TOKYO — The U.S. and Japan are stepping up efforts to advance expertise on 5G base stations in Southeast Asia, responding to China’s growing influence in a field that has emerged as a major economic security concern.
The U.S. Agency for International Development on Wednesday launched the Asia Open RAN Academy in the Philippines as part of the push by Tokyo and Washington to enhance knowledge in open radio access networks across members of the Association of Southeast Asian Nations.
“It is worth noting that the academy is part of the Biden-Harris administration’s Indo-Pacific strategy in the region, which really seeks to support an open, secure, interoperable and reliable Indo-Pacific region,” a USAID representative said at an online launch event that day.
“It is imperative that every nation’s telecommunications be secure, affordable, and accessible to all citizens, and collaborative institutions like the Asia Open RAN Academy will help us to achieve this goal,” U.S. Ambassador to Japan Rahm Emanuel said in a statement.
“By partnering with Japan and other nations, we will provide critical communications support that is open and transparent, has no strings attached, and is free from coercion,” he said.
Open RAN allows the use of equipment from a variety of different vendors, preventing any single supplier from China or elsewhere from dominating telecommunications networks. The U.S. and Japan had said they would launch an Open RAN training academy in Southeast Asia this year in a fact sheet for the May summit between President Joe Biden and Prime Minister Fumio Kishida.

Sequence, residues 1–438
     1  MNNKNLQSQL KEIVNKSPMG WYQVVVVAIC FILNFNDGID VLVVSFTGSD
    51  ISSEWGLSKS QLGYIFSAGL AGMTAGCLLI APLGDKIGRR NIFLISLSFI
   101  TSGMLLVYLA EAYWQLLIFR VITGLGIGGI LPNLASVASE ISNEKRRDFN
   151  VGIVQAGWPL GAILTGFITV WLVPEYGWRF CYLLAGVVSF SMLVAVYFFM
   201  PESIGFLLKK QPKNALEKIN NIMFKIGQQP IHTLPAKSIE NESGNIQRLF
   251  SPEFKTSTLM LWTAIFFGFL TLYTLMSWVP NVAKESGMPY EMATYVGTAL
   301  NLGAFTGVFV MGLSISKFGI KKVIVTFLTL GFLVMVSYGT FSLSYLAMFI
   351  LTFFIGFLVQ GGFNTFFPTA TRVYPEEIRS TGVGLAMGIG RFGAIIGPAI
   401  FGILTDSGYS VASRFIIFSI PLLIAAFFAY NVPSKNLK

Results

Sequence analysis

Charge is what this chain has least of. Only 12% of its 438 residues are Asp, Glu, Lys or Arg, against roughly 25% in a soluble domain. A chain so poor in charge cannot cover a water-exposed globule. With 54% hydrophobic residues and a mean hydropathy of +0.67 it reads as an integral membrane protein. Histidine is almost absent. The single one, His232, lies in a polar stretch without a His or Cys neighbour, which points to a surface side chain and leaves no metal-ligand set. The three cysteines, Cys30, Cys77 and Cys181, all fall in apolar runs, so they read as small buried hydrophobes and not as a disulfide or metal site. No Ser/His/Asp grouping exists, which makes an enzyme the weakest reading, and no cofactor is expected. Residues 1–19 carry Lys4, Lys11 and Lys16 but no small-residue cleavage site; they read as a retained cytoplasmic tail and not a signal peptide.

The academy will initially offer classes to students in the Philippines, for example, with plans to later serve more of Southeast Asia and the Indo-Pacific region. Representatives from Japanese companies NTT Docomo, Rakuten Group, NEC and Fujitsu were among the participants in Wednesday’s event.
Docomo sees major opportunities in exporting equipment for Open RAN. It was a founding member in the 2018 launch of an international organization that promotes interoperability in mobile base equipment. Facing a declining population and mobile service rates at home, the company is eager to make inroads into overseas markets for mobile stations.
Rakuten Group has base stations that use Open RAN, and the company wants to promote the advantages of this approach in terms of cost and security. Traditional network-building is too costly and complex, according to Tareq Amin, CEO of Rakuten Symphony.
Huawei Technologies, Nokia and Ericsson together control an estimated 80% or so of the global base station market. Huawei is training telecommunications specialists in Thailand, Indonesia, Malaysia and Cambodia through its Huawei ASEAN Academy.
Telecom supply chains have emerged as a key priority for economic security, given the growing Chinese presence in the field. The U.S. and Japan are at a key juncture in efforts to regain their clout in 5G and other communications technology in Southeast Asia.
By MAYUMI HIROSAWA, Nikkei staff writer